By Jason Lange and Timothy Gardner
WASHINGTON (Reuters) - A group of hard-line conservative Republicans would "look favorably" on Paul Ryan if he ran to be speaker of the House of Representatives, the group's leader said on Sunday.
The approximately 40-member House Freedom Caucus is at the center of turmoil within the Republican Party over who will be the party's effective leader in the House ahead of the 2016 presidential election.
House Majority Leader Kevin McCarthy had been the front-runner in the race but abruptly dropped out on Thursday after facing skepticism from Freedom Caucus lawmakers who viewed him as too willing to compromise with Democratic President Barack Obama.
Now eyes are turned to another high-profile Republican, former vice presidential candidate Ryan, who fellow lawmakers say is considering the job during a weeklong congressional recess.
Freedom Caucus leader Jim Jordan hinted that conservatives could back Ryan if he supports their agenda to take some powers away from the Republican leadership in the House.
"Paul Ryan is a good man. He's a great communicator, the kind of messenger our party needs and certainly if he gets in the race I think our group would look favorably on him," Jordan said on "Fox News Sunday."
John Boehner shocked Washington last month by announcing his resignation from the speakership and Congress.
Numerous House Republicans and 2012 presidential candidate Mitt Romney have asked Ryan to run for speaker. Ryan spokesman Brendan Buck said on Friday that Ryan had repeatedly said he is not seeking the speaker's job.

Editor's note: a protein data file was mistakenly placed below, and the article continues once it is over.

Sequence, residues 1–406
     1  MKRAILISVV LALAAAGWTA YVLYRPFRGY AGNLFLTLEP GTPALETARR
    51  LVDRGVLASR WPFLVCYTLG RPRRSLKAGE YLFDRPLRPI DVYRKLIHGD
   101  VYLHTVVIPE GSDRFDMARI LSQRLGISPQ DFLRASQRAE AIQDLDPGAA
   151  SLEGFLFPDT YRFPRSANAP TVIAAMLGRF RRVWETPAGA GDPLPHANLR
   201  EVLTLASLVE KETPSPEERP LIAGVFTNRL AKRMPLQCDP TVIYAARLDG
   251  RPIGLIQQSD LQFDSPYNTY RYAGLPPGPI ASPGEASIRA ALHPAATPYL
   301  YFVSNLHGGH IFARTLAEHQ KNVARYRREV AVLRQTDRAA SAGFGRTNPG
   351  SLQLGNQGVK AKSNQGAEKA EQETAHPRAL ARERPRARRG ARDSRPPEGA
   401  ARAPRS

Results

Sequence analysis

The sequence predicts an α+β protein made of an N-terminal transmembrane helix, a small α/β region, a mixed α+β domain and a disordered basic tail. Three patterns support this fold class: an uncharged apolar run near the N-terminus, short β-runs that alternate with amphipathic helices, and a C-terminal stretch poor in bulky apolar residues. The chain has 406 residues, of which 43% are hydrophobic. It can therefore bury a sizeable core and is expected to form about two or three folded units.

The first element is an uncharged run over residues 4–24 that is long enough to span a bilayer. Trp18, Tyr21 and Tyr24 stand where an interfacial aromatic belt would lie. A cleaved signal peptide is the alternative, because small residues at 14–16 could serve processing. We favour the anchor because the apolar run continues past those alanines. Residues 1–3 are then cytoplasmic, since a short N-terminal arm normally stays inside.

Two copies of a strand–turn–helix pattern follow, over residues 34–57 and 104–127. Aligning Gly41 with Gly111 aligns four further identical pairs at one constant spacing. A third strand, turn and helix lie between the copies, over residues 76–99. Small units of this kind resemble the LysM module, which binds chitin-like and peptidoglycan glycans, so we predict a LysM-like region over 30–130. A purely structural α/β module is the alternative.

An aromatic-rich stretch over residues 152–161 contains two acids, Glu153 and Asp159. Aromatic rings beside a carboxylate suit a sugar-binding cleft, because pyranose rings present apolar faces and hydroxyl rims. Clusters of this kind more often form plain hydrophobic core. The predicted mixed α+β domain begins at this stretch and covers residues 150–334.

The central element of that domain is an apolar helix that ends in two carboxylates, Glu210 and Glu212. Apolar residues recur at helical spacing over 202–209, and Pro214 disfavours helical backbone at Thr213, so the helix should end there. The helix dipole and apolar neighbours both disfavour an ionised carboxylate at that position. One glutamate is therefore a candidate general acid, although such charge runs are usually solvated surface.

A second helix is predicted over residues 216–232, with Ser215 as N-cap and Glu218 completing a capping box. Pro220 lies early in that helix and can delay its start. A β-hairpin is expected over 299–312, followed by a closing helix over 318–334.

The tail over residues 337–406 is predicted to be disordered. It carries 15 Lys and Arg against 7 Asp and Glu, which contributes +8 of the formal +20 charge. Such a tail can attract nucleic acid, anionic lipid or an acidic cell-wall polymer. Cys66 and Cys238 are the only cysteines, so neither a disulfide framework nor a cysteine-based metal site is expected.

Even Representative Jason Chaff, who is running for the speakership, has said he would drop out if Ryan got into the race. "Somebody's got to do it. I would hope that Paul Ryan would do it," Chaffetz said on ABC's "The Week" program.
Asked if Ryan would have to embrace the Freedom Caucus's demands for decentralizing power, Jordan said: "I think the next speaker has to be committed to that. I think Paul would be."
The caucus, which includes many Republicans from the smaller-government Tea Party movement, has endorsed long-shot Representative Daniel Webster for the speakership.
Representative Raul Labrador, a member of the group who spoke to Ryan on Friday, said that if new candidates declared themselves, the caucus would listen to them.
"It's not about the who, it's about the what ... what are we going to do so we can get Republicans together on the same page," Labrador said on "CNN's State of the Union."
(Editing by Mark Heinrich)